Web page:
The costs of divorce
"Happily ever after" can turn into "going our separate ways" for many married couples. And that can take a toll on their personal finances as they move on from each other.
Roughly 1 of 2 marriages ends in divorce, according to the most recent data from the Census Bureau.
Divorced men and women are more likely to earn less than $25,000, to be living below the poverty line and on public assistance than their married counterparts, according to Census stats. Divorced women often fare worse than divorced men, according to the data, even though they are three times more likely to get custody of the children.
"The general rule is you're not going to be better off after a divorce," says Andrew Hoffman, a Certified Divorce Financial Analyst. "And the lesser wage earner has the greatest difficulty in financially recovering from a divorce."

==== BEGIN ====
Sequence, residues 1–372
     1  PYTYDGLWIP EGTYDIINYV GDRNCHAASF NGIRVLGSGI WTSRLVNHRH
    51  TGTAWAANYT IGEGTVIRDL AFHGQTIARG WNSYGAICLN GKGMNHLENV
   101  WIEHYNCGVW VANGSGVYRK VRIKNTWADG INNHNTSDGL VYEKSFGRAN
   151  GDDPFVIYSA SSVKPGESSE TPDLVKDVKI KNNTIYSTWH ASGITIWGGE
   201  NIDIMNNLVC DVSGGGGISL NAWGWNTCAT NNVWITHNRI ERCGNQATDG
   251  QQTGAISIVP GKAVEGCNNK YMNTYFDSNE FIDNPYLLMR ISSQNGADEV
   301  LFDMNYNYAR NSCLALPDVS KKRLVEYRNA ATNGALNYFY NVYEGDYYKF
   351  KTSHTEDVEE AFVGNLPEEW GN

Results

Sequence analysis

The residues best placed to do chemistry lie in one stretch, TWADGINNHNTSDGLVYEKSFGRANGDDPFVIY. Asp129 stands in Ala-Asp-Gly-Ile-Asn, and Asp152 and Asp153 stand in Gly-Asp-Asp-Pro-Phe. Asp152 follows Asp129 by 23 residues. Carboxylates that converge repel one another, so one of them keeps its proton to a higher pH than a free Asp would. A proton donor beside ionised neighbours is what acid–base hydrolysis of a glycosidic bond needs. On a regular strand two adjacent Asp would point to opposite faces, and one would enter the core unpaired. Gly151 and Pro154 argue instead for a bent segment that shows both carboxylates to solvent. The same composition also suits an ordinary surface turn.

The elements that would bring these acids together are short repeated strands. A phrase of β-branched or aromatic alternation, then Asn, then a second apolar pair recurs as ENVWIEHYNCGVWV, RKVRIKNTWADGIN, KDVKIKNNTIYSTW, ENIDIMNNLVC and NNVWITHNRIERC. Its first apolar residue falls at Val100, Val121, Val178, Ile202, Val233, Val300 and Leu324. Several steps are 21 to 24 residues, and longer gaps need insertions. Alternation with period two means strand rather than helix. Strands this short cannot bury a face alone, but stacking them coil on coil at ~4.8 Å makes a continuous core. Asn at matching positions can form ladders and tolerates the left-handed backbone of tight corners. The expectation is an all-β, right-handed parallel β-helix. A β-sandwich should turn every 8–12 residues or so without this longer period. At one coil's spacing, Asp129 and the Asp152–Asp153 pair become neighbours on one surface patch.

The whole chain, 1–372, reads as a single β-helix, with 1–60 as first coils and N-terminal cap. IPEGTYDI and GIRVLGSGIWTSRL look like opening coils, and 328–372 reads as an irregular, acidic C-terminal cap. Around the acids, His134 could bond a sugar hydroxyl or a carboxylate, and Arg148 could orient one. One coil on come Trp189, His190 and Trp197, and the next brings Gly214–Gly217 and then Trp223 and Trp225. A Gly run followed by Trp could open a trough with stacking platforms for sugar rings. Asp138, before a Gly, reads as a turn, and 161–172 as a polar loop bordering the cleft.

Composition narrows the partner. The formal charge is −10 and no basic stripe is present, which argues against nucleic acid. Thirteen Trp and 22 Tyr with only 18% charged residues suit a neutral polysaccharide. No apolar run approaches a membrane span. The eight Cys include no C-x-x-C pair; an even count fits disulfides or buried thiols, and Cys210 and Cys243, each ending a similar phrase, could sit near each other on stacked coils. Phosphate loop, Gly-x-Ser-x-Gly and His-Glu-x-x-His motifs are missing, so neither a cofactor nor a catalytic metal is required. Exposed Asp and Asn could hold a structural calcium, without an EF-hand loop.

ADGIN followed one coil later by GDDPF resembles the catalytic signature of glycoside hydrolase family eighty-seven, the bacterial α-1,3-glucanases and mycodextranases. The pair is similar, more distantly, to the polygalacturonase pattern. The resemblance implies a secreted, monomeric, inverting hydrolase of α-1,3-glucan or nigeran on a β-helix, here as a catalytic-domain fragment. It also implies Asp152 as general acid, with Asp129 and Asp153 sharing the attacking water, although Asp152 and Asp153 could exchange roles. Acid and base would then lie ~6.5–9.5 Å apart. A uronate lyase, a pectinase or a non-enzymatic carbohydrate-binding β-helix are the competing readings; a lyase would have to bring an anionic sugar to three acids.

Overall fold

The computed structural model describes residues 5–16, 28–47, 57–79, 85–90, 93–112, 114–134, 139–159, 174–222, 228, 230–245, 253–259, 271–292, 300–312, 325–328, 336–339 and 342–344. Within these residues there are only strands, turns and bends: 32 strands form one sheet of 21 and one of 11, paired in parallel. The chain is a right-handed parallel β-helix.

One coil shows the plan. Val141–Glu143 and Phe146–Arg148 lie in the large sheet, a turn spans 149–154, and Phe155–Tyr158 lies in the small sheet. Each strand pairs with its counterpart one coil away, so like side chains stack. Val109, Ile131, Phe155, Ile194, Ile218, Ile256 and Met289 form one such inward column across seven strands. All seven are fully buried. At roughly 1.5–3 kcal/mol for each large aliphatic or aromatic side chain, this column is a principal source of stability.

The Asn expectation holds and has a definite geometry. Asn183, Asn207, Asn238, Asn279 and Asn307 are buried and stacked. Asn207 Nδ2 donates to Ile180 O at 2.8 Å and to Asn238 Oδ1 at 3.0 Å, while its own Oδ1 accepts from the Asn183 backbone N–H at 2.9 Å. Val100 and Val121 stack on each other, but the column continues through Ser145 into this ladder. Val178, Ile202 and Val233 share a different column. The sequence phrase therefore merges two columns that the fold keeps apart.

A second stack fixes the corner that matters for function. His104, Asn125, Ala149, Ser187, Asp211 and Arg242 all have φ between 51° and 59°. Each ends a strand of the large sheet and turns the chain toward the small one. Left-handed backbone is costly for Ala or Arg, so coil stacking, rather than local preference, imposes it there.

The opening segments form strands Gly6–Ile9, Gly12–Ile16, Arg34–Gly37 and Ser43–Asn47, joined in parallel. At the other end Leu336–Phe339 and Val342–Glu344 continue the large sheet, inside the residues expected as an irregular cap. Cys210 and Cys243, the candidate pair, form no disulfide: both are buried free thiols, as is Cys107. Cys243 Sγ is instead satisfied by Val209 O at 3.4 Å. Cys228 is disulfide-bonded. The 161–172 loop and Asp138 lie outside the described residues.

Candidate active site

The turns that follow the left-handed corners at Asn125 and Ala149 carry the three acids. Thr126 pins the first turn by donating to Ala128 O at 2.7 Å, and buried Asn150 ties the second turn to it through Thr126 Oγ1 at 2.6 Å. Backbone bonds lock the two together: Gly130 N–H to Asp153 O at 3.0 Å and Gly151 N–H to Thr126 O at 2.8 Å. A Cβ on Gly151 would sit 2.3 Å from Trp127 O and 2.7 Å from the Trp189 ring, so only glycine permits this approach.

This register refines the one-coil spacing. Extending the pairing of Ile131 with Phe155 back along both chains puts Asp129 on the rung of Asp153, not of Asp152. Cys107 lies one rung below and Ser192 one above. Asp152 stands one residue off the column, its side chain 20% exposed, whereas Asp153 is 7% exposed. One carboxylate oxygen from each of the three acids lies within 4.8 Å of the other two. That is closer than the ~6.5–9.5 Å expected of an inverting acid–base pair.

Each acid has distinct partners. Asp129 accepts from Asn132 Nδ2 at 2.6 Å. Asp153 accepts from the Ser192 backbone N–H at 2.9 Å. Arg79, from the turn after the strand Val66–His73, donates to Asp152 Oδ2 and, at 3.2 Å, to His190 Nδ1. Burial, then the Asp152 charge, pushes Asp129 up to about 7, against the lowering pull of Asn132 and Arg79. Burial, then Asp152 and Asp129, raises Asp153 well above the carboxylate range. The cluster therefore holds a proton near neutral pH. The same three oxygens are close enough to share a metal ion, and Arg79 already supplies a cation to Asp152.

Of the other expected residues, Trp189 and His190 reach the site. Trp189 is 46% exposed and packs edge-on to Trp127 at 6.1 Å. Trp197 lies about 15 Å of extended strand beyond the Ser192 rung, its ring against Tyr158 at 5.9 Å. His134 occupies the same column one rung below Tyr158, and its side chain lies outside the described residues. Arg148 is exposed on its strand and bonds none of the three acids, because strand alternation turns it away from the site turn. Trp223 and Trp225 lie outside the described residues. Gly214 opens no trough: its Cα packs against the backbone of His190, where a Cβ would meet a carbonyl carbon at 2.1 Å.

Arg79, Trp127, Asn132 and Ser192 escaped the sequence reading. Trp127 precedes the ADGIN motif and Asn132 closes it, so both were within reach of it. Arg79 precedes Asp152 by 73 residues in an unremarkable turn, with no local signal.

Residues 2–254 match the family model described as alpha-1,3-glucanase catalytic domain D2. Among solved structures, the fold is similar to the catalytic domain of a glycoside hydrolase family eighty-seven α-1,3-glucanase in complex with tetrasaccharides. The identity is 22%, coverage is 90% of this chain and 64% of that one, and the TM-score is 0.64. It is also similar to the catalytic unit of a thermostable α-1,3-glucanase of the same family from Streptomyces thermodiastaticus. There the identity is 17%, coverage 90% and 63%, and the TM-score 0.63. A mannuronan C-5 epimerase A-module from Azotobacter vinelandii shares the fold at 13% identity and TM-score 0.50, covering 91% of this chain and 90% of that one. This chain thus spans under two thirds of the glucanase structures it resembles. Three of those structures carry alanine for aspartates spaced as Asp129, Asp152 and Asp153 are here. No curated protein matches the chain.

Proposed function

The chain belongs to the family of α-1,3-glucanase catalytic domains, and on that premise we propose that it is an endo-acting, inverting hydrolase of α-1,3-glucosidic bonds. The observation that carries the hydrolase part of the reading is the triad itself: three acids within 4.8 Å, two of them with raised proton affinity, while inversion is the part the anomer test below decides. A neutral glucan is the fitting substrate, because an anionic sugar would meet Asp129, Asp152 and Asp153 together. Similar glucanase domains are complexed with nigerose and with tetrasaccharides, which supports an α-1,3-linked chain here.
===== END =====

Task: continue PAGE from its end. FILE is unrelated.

A family's income needs to increase by almost a third to maintain the pre-divorce standard of living in two households, according to calculations by Hoffman.
When heading for divorce, know in advance that it can deplete your personal finances whether you're the ex-wife or ex-husband.